Dyad Multiphonics

I ♥ dyad multiphonics

This project was inspired by some of my favorite multiphonics, which are soft, delicate, close dyads.

I originally encountered a couple through pieces that used them (e.g. the Berio Clarinet Sequenza) and then found a few others by fiddling around with similar fingerings.

Cue COVID 19 and with a lot of time on my hands I decided to properly explore and document this kind of multiphonic.

After some experimentation, I realized the common thread between these multiphonics is that they are produced by using the thumb, register, G#, A, and side trill keys in "non standard" combinations to function as a kind of disruptive pseudo register key, with “standard” lower fingerings in the rest of the left and right hands (i.e. fingerings usually used to produce “normal” notes). Because I'm a nerd I've been calling them pseudo-register multiphonics, a term which is guaranteed not to catch on.

To document the multiphonics I coded this website, using the open source JavaScript project VexFlow to generate the notation, and Bret Pimentel's Fingering Diagram Builder to generate fingering diagrams.

You can browse and listen to the multiphonics sorted by fingering or pitch via the menu bar above, or select Key for the key to fingering abbreviations and diagrams.


By trying the possible fingerings methodically, I was able to discover a number of multiphonics I hadn’t encountered before. I recorded each multiphonic, and notated the pitches to the closest quarter tone using analysis software. There is some overlap with other multiphonic charts including Rehfeldt and the excellent work of Heather Roche & Jack Liang (see notes below fingerings). I was happy to find that in most cases the pitches I achieved were extremely close to those in Roche and Liang.

There’s clearly a pattern to the pitches generated by each set of fingerings works, and there are almost certainly multiphonics on either side of the subsets that worked on my instrument that will work for other people. I also restricted myself to "standard" lower fingerings, so there are many other possibilities with extra keys added, or e.g. leaving some holes uncovered. The pitch of the bottom note seems to be controlled by the "pseudo-register" fingering chosen, while the pitch of the top note is roughly controlled by the "standard" fingering (i.e. how many holes are covered). I'd love to hear from anyone who can explain more about the acoustic physics of why this happens!


This is not intended as a resource for composers to add multiphonics to their pieces! Most of these multiphonics are a) hard to produce and dynamically not flexible at all and b) not tested by anyone else except me – it’s possible many if not most of them either won’t work or will have different results for other players. It was intended to satisfy my own curiosity, and is hopefully useful as a map for other players or researchers to help find additional multiphonics.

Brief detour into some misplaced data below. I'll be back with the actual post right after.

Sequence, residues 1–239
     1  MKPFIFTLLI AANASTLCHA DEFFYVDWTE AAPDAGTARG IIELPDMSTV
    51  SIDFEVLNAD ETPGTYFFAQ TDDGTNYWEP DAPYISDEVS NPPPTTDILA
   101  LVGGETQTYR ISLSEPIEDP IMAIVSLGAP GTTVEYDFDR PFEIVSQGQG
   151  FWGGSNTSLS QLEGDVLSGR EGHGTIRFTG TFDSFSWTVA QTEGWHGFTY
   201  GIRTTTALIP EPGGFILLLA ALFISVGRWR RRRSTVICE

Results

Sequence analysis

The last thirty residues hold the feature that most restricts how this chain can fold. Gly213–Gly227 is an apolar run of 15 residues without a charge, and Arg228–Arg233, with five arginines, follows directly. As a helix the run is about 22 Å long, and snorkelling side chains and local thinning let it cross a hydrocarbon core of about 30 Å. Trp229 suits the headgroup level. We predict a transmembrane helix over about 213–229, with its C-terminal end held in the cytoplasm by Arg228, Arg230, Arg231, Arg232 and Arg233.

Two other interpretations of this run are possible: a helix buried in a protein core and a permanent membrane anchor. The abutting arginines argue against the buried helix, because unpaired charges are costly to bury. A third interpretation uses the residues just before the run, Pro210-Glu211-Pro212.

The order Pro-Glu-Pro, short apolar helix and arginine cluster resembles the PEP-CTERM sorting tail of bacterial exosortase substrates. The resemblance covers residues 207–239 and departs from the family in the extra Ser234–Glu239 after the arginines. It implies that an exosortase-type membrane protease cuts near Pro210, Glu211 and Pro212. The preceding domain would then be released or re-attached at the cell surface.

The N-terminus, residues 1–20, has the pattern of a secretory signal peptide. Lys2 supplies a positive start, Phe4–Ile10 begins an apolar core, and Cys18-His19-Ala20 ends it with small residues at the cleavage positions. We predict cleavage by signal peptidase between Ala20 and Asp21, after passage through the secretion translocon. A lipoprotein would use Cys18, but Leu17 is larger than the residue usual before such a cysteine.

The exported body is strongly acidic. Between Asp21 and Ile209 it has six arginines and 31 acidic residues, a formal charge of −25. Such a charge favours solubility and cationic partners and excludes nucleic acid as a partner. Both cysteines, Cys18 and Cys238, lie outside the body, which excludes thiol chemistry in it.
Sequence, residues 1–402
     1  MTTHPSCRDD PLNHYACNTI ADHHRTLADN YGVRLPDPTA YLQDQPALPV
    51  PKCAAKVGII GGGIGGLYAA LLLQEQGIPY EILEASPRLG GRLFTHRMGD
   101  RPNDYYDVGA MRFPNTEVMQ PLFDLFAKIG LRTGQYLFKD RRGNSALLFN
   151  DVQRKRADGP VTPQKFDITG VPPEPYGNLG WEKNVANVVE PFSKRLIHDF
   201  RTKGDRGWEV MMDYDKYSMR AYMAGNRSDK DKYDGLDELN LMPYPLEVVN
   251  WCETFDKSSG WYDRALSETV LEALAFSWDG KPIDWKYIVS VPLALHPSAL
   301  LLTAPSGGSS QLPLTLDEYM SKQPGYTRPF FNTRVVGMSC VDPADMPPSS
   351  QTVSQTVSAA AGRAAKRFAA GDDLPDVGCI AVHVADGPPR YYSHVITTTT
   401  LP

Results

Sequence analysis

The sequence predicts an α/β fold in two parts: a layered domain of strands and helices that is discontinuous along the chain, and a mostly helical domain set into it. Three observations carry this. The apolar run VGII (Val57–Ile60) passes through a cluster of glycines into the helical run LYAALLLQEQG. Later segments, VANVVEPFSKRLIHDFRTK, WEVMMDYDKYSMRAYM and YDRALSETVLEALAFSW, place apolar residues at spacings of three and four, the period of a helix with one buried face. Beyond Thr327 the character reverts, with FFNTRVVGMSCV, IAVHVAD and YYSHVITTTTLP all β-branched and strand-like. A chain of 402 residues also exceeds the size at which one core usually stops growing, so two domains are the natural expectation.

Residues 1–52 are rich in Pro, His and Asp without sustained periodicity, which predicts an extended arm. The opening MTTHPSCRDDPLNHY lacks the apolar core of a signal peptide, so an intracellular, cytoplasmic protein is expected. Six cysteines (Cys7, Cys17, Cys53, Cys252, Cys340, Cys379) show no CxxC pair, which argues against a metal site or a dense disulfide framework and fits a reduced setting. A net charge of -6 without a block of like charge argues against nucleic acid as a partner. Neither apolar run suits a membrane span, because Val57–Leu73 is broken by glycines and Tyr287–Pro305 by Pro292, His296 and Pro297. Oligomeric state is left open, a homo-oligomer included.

Resources & Acknowledgements

Jack Liang

Dr. Jack Liang is a freelance musician and private teacher in the Greater Vancouver area.
He compiled an incredibly extensive and detailed list of multiphonics as part of his doctoral research project.

You can download a chart via his resources page.

Heather Roche

Heather Roche is a Canadian-born, London-based new music clarinetist who has created one of the most expansive and useful online resources on new music performance available.

Her article …on close dyad multiphonics for Bb clarinet is an excellent introduction to this kind of multiphonic. The chart referred to here can be downloaded via this page.

Bret Pimentel

Bret Pimentel is a multiple woodwind player and Associate Professor of Music at Delta State University. His indispensable Fingering Diagram Builder is just one of a number of excellent resources available on his website.

Phillip Rehfeldt

Rehfeldt's New Directions for Clarinet is one of the seminal texts for clarinet extended techniques, with sections on multiphonics, microtonal fingerings, and many other techniques. I find his multiphonic charts hit and miss in terms of the pitches generated, but they are often a valuable jumping off point.


SPEAR is an application for audio analysis, editing and synthesis. The analysis procedure attempts to graphically represent a sound with many individual sinusoidal tracks (partials). You can also export analysis data, e.g. as a csv file.


VexFlow is an open-source online music notation rendering API, written in JavaScript, which generates music notation live in your browser. This opens many possibilities, including animation notation and manipulating it using css.